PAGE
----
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Prospect Watch: Heavyweight Apti Davtaev

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Pic by Terrell Groggins

There is heavyweight boxing, and there is everything else, a distant second.

OK, Team Canelo would perhaps today beg to differ, being that the Mexican (super) middleweight will soon start cashing checks from DAZN to the tune of some $30 million plus per fight…

So, that old adage is up for debate.

But by and large, especially in these United States, the heavyweights resonate.

We simply have an affinity for the jumbo sized items, don’t we. Bigger is better, be it boobs, balls or bucks.

So, the search for top tier heavyweight boxers is always of a higher caliber, the people who seek such prizes perk up that much more when they come across a prospect.

Promoter Dmitriy Salita’s eyes lit up way back when, when he saw a transitioning kick-boxer named Jarrell Miller in a boxing ring, and learned that “Big Baby” wanted to just start using his fists and not his feet as implements of warfare. Fast forward some 4 plus years later, and Miller is on the cusp of getting a world title crack, for a WBA strap, in a couple months.

Salita isn’t done yet; he’s maybe the fastest riser of any and all boxing promoters, as he’s carved a territory (NY and Michigan) niche, while collecting a solid array of talent known (Claressa Shields, Miller) and about to be known.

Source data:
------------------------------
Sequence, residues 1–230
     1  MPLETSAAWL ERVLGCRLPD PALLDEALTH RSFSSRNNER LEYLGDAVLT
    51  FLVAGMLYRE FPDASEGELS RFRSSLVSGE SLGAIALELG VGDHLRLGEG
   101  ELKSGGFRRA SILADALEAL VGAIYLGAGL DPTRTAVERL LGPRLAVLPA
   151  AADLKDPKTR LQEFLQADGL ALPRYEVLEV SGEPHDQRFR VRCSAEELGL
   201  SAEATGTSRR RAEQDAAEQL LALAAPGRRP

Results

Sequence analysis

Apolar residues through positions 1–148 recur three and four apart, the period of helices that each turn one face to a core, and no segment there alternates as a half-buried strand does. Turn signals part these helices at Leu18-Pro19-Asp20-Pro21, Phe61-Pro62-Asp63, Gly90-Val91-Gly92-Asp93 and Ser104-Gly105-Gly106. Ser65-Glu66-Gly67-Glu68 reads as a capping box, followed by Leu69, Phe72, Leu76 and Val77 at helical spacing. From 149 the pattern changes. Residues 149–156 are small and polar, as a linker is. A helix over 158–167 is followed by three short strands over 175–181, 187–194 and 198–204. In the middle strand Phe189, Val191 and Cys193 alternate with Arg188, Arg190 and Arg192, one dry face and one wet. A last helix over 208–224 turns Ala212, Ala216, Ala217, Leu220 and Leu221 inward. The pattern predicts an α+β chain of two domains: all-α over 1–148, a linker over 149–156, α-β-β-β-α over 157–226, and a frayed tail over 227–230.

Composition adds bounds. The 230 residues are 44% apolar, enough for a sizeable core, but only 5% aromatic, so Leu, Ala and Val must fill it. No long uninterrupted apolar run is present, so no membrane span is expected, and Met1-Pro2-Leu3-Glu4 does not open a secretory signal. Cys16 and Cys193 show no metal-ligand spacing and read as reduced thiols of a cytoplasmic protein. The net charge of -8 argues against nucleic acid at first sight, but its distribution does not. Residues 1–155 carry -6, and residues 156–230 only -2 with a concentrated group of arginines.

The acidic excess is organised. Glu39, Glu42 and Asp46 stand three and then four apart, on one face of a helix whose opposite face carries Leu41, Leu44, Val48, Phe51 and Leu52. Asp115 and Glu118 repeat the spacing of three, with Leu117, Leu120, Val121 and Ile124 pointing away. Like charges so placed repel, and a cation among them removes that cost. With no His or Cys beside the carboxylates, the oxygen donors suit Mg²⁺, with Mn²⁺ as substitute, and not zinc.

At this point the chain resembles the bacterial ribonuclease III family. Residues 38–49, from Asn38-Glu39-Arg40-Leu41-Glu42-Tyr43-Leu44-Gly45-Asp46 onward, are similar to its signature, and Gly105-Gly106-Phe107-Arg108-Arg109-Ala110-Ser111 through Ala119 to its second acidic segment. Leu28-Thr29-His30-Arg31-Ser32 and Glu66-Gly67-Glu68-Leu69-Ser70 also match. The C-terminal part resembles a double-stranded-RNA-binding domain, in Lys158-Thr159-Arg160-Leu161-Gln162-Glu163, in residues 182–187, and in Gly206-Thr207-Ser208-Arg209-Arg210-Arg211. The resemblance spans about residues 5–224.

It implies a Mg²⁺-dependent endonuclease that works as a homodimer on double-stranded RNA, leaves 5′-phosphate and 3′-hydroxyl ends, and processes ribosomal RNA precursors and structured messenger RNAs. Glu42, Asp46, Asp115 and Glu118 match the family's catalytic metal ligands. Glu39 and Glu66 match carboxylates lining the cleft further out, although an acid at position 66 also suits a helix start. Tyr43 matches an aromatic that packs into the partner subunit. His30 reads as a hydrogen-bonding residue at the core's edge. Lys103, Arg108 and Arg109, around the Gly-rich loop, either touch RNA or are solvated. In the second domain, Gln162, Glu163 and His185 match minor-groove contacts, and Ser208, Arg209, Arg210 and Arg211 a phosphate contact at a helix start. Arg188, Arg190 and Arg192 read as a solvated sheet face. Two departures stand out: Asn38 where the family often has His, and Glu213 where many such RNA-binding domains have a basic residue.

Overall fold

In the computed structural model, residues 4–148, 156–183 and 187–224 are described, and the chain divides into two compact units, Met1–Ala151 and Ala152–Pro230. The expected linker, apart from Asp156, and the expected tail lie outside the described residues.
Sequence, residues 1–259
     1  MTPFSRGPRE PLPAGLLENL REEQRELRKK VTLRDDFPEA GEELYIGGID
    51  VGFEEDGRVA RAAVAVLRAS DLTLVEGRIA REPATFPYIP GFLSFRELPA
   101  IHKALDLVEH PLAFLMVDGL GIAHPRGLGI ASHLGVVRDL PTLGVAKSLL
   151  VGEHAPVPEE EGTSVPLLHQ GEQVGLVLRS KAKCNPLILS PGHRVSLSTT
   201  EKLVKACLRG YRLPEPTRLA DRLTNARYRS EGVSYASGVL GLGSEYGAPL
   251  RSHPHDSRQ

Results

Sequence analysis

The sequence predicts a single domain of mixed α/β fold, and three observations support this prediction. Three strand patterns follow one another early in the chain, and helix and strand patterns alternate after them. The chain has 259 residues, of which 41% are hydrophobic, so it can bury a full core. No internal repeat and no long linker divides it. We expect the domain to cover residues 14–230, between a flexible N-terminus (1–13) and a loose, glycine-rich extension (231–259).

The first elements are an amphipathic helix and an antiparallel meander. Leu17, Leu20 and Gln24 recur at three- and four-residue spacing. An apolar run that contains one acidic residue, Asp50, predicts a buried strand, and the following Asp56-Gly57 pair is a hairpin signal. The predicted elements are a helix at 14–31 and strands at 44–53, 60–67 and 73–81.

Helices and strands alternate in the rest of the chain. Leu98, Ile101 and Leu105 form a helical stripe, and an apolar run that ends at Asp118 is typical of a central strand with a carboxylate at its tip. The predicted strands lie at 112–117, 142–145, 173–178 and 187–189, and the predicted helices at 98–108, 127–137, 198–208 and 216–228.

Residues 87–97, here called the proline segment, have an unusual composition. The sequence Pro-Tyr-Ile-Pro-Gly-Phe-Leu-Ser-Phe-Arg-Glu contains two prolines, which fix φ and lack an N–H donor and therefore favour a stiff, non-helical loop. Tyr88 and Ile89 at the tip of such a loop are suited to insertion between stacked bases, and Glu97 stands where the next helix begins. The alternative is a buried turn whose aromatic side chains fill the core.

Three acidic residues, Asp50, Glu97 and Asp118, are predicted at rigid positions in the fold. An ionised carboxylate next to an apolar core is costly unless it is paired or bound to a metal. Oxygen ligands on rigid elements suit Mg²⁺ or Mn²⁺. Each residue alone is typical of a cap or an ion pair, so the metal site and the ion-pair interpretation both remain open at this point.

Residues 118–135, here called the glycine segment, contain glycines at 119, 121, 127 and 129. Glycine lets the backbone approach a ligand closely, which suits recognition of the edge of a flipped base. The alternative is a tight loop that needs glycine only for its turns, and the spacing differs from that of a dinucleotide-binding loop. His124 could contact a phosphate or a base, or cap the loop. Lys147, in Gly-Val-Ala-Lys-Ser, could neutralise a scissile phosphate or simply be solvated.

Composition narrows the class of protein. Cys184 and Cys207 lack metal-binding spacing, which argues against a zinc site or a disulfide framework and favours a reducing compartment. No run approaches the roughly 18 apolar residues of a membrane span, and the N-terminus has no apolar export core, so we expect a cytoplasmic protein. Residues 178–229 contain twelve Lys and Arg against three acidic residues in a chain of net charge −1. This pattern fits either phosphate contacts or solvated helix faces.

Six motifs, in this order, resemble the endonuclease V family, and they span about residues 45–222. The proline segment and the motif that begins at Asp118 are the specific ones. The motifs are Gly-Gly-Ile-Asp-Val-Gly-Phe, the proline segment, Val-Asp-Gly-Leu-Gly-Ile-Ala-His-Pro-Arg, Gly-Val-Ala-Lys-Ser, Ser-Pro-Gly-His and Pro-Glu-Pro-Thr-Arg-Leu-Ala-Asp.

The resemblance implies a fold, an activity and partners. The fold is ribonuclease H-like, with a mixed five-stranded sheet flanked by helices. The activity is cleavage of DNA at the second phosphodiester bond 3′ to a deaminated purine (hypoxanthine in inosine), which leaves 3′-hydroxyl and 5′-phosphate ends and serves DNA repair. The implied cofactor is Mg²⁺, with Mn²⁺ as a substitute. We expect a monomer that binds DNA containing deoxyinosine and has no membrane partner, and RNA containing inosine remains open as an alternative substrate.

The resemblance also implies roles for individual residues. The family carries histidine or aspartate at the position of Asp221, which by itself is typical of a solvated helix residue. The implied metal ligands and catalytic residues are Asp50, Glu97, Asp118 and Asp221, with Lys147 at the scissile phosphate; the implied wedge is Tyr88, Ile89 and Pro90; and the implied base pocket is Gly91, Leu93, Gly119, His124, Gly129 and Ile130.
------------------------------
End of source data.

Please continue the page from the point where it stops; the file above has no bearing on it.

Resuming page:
Slot heavyweight Apti Davtaev into the latter category…

The 16-0-1 from Russia is 29 years old, and is now living in Michigan, training with Emanuel Steward’s nephew “Sugar” Hill.

Davtaev grew up in the Voronezh region, and has two sisters and one older brother. He’s been boxing since he was 19, and looked up to a sterling role model as he pondered his path into adulthood: Muhammad Ali. “It was him that I was inspired by,” Davtaev told me.

I wanted to get a sense if we should be on the lookout for Davtaev as someone who will be making the leap from prospect to contender soon. What are his strengths, and weaknesses, I probed.

“I have strengths and weaknesses, like any athlete. I mainly work on correcting my weaknesses. I have been training in Detroit Kronk Gym with “Sugar” Hill for close to a year now. I have made a lot of progress and an very greatful for this important experience that is taking my boxing to the next level. But still, I consider my strength to be my will to win. To be a champion you have to have world class skill and like Muhammad Ali said, the will has got to be stronger than the skill.”

OK, he’s savvy, and proud, he didn’t want to give foes a peek at any possible holes….

Bottom line, is he a future star?

“Definitely, this is my goal to be a star and a dominant force in the heavyweight division,” the fighter told me.

The 6-5, 250 pound hitter can be seen, on video, as possessing solid hand speed. He is a busy boxer, and does well to keep the punches tight, not tending towards looping, and leaving a lane for counter punches. He will do well to listen to Hill when told to be active with his feet, and keep those hands high, so as not to get tagged after launching. He mixes punches well, folds in uppercuts smartly. Foes will be made aware his power is there and he knows to ramp it up when he gets you in trouble.

Bottom line is this: Apti Davtaev is on my heavyweight watch list.

Editor/publisher Michael Woods became addicted to boxing in 1990, when Buster Douglas shocked the world with his demolition of the fearsome Mike Tyson. The Brooklyn-based journalist Woods has covered the sport since then, for ESPN The Magazine, ESPN.com, ESPN New York, RING, and he was editor of TheSweetScience.com from 2007-2015. Woods is also an accomplished blow by blow and color man, having done work for Top Rank, DiBella Entertainment, EPIX, and numerous other organizations.

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